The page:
There's new evidence that depression is not just a disorder of the mind.
Verified by Psychology Today
From individual healing to collective creativity
Bandy X. Lee M.D., M.Div.
Few people understand that we are on a path that, unless changed in the next decade or so, will lead to the destruction of our planet as a viable place to live on.
Just as silence allows an abuser to continue abusing, our silence is assent when it comes to a dangerous regime.
A rise in inequality resulting from corruption, oppression, and exploitation fosters the conditions that breed violent behavior, including mass shootings.
“Us” is becoming a subculture needing someone to blame to maintain cohesion. This will shape future behavior, and battle lines solidify.
The president possesses one of the most influential positions for telling people how to think, feel, and behave.
Professionals can no longer be derelict in their duty to protect the public.
Power is also an all-too-attractive end for pathological individuals who might try to seize it through any means.
The cataclysm of the “#MeToo” movement, starting in October 2017, we can interpret as an impulse for healing a societal ailment.
To better understand violence and other societal ills, we must look at inequality as a disorder in itself.
Environmental violence isn't a matter of a difference of opinion or priorities but of life or death—and whether we will all live together or die together.
We are playing a gamble that makes our children more likely to die of a nuclear war than of a car crash.
If a system does not serve its purported function but targets minorities and serves as a surrogate ghetto, then the whole system requires reconsideration.
Now that we know that violence is societal, we may devise a system of diagnosis, prognosis, and treatment.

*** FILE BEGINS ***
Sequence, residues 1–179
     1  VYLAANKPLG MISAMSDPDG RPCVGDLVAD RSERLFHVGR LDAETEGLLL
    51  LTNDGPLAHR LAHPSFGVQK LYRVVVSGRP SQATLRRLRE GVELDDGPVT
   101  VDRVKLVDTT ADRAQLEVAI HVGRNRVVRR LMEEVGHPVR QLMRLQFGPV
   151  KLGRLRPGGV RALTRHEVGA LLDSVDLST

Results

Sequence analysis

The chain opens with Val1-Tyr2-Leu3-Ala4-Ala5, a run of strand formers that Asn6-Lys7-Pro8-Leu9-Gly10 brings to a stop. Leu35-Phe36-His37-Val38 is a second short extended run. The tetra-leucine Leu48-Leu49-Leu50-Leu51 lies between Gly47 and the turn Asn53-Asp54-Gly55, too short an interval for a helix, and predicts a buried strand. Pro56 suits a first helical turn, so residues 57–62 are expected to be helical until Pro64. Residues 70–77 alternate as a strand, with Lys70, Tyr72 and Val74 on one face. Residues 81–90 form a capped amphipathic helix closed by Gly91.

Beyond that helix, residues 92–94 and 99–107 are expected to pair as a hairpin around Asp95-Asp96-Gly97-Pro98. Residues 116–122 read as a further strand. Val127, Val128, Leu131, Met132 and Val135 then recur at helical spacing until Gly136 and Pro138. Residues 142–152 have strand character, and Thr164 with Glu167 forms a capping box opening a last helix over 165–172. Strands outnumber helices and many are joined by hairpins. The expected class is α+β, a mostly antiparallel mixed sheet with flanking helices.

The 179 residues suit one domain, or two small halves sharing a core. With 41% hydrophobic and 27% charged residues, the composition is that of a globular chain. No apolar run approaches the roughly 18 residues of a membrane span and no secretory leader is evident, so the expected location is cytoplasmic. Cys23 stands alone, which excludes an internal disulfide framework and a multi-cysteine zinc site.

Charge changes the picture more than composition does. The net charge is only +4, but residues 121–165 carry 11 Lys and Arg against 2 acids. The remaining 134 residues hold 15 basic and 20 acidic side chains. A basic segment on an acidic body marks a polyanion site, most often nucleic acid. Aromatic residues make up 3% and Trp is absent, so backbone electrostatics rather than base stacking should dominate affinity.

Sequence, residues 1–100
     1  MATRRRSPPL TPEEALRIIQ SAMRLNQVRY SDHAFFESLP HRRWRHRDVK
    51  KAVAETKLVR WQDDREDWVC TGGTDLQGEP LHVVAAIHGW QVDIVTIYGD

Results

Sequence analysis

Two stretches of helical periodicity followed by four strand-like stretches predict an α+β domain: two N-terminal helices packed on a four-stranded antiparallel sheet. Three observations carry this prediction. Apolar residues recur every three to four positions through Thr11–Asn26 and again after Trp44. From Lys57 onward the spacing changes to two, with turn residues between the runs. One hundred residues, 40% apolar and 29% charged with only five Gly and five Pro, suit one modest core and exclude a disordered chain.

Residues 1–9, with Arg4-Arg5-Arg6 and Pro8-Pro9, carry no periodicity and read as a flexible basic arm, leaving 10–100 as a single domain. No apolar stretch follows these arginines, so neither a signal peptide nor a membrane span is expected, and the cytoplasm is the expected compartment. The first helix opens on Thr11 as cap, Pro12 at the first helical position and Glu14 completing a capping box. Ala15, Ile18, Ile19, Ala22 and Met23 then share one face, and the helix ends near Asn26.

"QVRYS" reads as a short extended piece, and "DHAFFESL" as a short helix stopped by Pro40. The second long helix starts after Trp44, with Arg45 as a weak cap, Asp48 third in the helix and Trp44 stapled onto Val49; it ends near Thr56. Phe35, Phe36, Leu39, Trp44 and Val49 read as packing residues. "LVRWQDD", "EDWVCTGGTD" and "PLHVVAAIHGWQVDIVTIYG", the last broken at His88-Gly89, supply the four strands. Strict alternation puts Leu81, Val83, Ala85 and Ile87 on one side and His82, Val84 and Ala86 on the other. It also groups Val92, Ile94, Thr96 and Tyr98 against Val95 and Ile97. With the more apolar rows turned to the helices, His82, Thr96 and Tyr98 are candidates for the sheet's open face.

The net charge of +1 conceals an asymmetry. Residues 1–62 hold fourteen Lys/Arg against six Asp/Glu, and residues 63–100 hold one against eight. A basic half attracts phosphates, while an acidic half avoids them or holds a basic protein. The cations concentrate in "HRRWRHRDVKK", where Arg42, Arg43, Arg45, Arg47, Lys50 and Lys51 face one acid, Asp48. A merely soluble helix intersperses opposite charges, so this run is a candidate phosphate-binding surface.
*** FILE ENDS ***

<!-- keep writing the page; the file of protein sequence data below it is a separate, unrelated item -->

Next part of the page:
Psychiatry has not prepared itself for mental health issues at larger scale; the entire nation, if not the world, is suffering as a result.
In the US, an antidemocratic wave has ushered in Donald Trump, transforming what used to be a battle of ideologies into a battle of sickness versus sanity, falsehoods versus facts.
It is a moment when defending democracy, the rule of law, and human rights also means responding appropriately to a mental health problem.
Maintaining a healthy democracy involves each of our following norms and standards, especially in times of intense social and political pressure.
Submission brings its own safety, but creates a condition for symbiosis to occur with a leader impaired enough to possess a drive to dominate, not govern.
Our proposal is that the APA recognize the importance of psychiatrists’ social responsibility to warn the public when they discern danger to its well-being.
Childhood trauma is just one of the dangers that mental health professionals have predicted and feel the duty to warn about regarding the current presidency.
Mental health professionals are mandated reporters: Regardless of the source, any knowledge of any child abuse—like at the U.S.-Mexican border—is reportable.
Many seem to be catching onto the reality that he does not respond to rhetoric, or to multilateral cooperation. The question is, when will our own leaders?
The greater the likelihood of a serious problem in the mind, especially in someone who is supposed to be a leader and a protector, the more the populace will wish to avoid it.
Mental health professionals have an ethical duty to call attention to psychological dangerousness transforming into societal dangerousness.
Americans should take mental health matters as seriously as legal ones and demand that the president receive a proper mental health test.
Mental health experts believe the country is facing increasing dangers as the situation continues to evolve and the public grows weary of ever-worsening symptoms.
Scorning or destroying the very thing one needs is a symbolic act to press upon oneself and others that one does not need it.
Just as legal issues should be brought before legal professionals, if we are to maintain a healthy body politic, we must bring psychiatric issues to psychiatric attention.
Nuclear war, together with environmental degradation, represent a precipitous drive toward collective suicide and are thus forms of violence against ourselves.
Mental health professionals must be a witness to what is not normal and what could quickly become a mass movement toward self-destruction.
Bandy Lee, M.D., is a forensic psychiatrist at Yale School of Medicine and project group leader for the World Health Organization Violence Prevention Alliance. She also authored the textbook Violence.